I received a call at work yesterday about a post that was on our company’s internal social media platform. The initial post was negative, but the situation prompting the post resulted from a mistake that was easily corrected. The lady calling me had been asked to call and inquire about the possibility of deleting the discussion thread now that the matter was resolved. She rightly assumed that we don’t delete threads just because they are negative in nature, and she was actually confirming that practice with me so that she could go back to the ones who requested the deletion and let them know.
As we talked, I told her that we only delete posts if they violate any of the community guidelines or company policies, and this discussion did not cross those lines. In this case, therefore, it was best to add a comment to the discussion that the matter had been resolved.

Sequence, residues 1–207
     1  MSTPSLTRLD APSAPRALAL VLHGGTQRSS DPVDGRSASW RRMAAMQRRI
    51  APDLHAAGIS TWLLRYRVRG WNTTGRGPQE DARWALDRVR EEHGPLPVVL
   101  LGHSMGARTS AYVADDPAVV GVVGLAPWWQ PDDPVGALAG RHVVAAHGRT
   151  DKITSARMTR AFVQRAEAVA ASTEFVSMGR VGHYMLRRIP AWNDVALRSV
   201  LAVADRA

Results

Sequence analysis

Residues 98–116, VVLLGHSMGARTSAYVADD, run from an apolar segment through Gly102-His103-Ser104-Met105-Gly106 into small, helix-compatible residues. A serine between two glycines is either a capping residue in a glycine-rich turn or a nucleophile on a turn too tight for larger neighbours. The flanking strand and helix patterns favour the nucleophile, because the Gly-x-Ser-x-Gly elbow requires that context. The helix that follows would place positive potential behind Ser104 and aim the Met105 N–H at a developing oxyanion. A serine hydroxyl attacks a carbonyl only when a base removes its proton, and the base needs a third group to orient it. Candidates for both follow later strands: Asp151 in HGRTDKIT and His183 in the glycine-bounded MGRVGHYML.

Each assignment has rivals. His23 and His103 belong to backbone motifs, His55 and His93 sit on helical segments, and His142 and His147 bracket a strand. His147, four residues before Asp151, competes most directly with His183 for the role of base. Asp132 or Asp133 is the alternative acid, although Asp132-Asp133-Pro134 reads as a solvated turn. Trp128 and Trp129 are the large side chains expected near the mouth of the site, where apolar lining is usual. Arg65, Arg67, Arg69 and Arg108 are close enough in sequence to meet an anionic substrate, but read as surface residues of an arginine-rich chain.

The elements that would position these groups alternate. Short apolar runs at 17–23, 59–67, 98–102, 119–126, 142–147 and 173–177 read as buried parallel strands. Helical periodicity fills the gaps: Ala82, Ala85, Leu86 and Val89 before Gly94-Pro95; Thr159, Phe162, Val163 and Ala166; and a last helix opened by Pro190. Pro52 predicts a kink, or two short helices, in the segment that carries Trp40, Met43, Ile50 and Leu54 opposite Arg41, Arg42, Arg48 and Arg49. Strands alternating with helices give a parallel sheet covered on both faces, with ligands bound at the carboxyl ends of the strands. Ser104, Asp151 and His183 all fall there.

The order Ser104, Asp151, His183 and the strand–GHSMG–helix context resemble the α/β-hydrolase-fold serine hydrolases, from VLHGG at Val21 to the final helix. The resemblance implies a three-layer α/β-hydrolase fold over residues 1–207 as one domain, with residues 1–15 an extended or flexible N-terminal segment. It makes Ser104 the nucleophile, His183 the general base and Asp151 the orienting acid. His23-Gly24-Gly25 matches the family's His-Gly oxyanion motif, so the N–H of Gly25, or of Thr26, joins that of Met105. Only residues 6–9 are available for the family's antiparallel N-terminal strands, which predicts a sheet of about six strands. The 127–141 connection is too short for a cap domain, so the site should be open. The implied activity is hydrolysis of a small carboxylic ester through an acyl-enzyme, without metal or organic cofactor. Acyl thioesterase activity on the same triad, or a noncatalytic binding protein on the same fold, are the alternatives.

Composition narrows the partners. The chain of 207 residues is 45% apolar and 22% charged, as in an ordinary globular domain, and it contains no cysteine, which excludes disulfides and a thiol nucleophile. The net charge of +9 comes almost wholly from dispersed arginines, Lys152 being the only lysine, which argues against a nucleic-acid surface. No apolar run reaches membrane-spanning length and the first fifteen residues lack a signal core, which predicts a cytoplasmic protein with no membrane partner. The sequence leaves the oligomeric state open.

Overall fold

Taking this approach is preferred for several reasons:
- It does no good to pretend to embrace social media, but then only allow positive comments. That isn’t honest or transparent.
- Censorship stifles good communication, effective collaboration, and the benefits that come from occasionally uncomfortable exchanges.
- Others not directly involved in the situation are encouraged by knowing that issues can be addressed and resolved openly.
While the original person posting her complaint may not have addressed the situation in the best manner possible, the end result was positive and resulted in more people being exposed to the community guidelines I follow in moderating nearly 7,000 posts per week. Given education and periodic reminders, the community rarely needs posts deleted. It is mostly self-policing in that regard. Experienced members give guidance to newbies as needed.
In our brave new world of social media, it still takes some getting used to for many who have not yet immersed themselves in proper online etiquette. Communication is still a challenge online or offline for those lacking social skills. So be patient with those who may not be as savvy or experienced as you in social media. Educate them, share your wisdom, provide gentle correction when necessary. But always remember leap year lesson #278: Don’t try to censor social media.